LD analyses and association mapping are powerful tools for contemporary human genetics. Efforts to build a collection of SNP markers in all genes of the human genome (e.g., see The International SNP Map Working Group 2001 ) and advances in genotyping technologies bode well for large-scale applications in the near future. Such undertakings are not without complications, however. The cost-per-locus test for SNPs remains high. The pattern of LD may vary considerably between populations. And there is a further need to develop, evaluate, and apply novel methods for relating the considerable genomic information to risk of disease—methods such as the T2 test proposed here.

Acknowledgments

M.X. and J.Z. are supported by NIH grants GM56515 and HL 5448, and E.B. is supported by NIH grant HL 5448.

Appendix A :

Assuming Hardy-Weinberg equilibrium, we can calculate equation M20 and equation M21 as follows:

equation image

Therefore, we have

equation image

Next, we calculate the variance-covariances, Var(Xj) and Cov(Xj,Xj). Note that

equation image

where δjj(A)=PBjBj(A)-PBj(A)PBj(A).

Combining the above equations yields Cov(Xij,Xij)=E[XijXij]-E[Xij]E[Xij]=2δjj(A). It is not difficult to see that Var(Xij)=E[X2ij]-(E[Xij])2=P2Bj(A)+P2bj(A)-[PBj(A)-Pbj(A)]2=2PBj(A)Pbj(A). Similarly, we have equation M22.

Appendix B :

Note that Pb(A)=1-PB(A) and equation M23. Thus,

equation image

However, equation M24, which implies that

equation image

Therefore, we have

equation image

It follows that

equation image

But, when equation M25, λ is reduced to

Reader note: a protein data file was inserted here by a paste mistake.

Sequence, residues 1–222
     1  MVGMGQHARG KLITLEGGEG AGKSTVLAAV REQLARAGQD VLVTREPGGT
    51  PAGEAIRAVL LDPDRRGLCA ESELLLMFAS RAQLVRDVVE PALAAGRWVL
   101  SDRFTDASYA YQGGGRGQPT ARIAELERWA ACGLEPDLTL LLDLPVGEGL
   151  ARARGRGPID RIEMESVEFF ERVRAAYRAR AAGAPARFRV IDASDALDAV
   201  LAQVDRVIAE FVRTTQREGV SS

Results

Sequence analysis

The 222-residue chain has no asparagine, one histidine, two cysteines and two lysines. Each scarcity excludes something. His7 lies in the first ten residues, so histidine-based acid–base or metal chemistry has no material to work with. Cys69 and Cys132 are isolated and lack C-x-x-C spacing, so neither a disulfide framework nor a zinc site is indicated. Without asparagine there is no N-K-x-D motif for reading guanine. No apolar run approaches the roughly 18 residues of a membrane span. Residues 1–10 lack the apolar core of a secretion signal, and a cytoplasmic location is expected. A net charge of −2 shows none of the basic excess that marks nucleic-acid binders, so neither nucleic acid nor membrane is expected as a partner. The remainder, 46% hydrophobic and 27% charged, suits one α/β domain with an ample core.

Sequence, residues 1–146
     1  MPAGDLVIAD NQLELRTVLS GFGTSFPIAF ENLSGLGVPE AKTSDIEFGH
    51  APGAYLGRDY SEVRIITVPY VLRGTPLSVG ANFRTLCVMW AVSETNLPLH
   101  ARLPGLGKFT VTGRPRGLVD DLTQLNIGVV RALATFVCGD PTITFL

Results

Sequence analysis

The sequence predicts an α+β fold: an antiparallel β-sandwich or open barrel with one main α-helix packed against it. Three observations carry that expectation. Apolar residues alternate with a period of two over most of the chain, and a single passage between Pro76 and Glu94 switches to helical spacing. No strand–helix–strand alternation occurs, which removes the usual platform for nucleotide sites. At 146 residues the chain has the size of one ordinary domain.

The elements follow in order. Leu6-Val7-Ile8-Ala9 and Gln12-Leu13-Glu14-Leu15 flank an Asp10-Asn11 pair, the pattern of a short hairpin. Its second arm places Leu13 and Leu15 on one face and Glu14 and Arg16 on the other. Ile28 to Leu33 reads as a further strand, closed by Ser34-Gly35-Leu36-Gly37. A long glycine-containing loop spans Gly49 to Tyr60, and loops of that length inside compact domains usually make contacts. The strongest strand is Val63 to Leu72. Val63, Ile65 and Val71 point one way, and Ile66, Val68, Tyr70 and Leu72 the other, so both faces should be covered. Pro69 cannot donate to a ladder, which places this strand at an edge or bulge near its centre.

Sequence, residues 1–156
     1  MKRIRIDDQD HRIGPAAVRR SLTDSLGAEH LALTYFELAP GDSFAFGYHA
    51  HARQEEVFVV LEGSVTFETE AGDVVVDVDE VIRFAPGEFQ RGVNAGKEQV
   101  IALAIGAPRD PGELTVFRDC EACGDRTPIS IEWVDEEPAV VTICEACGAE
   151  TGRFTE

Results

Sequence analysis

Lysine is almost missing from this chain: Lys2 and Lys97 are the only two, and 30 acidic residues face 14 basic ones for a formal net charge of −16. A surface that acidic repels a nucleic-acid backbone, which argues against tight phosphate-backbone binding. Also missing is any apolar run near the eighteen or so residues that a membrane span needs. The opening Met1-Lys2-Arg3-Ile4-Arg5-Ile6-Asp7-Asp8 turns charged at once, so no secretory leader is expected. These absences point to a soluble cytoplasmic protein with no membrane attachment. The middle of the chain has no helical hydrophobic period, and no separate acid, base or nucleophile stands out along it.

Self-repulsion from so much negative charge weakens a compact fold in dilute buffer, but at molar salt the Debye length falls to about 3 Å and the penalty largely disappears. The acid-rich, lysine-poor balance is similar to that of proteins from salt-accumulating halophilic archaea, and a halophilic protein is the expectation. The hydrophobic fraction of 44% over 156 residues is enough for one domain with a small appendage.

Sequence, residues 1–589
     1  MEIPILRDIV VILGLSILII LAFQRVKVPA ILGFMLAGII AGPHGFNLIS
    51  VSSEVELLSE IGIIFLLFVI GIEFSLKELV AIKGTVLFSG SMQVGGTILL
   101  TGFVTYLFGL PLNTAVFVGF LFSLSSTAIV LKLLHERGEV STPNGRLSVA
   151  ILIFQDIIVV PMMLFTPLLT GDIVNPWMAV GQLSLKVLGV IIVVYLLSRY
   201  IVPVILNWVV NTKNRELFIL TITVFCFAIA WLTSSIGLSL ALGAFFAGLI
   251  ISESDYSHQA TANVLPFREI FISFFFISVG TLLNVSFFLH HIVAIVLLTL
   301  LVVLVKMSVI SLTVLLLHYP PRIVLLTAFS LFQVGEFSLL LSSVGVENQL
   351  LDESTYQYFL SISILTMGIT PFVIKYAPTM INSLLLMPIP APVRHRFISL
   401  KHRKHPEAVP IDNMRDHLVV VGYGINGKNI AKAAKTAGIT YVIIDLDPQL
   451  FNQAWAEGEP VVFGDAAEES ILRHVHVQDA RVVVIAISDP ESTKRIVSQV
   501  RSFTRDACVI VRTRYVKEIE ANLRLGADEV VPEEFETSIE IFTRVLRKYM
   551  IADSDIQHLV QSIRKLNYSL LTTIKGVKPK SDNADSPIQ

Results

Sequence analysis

equation image

Appendix C:

To calculate the noncentrality parameter, λ2, we begin with the calculation of the frequencies of the genotypes at the two disease loci, in the affected population and in the control populations. It follows from the definition of the genotype frequencies in the disease population that

equation image

Similarly, we have

equation image

Let equation M26 be the probability that an individual with genotypes DiDj and dkdl is unaffected. By an argument similar to that used above, we obtain

equation image

Now we calculate the expectation of the indicator variables X11 and Y11. Using the definition of the indicator variable, we have

equation image

Thus, the vector μ can be calculated by μ=(E[X11]-E[Y11],E[X12]-E[Y12])T. Next we calculate the variance-covariance matrix ΣA. It is easy to see that

equation image

Therefore, we obtain

equation image

and

equation image

Appendix D :

If we assume Hardy-Weinberg equilibrium, we find that it is not difficult to show that

equation image

Thus, μH=(μH1,…,μHK)T; ΣHA=(1/2)ΣA and equation M27. The noncentrality parameter λH is then given by

equation image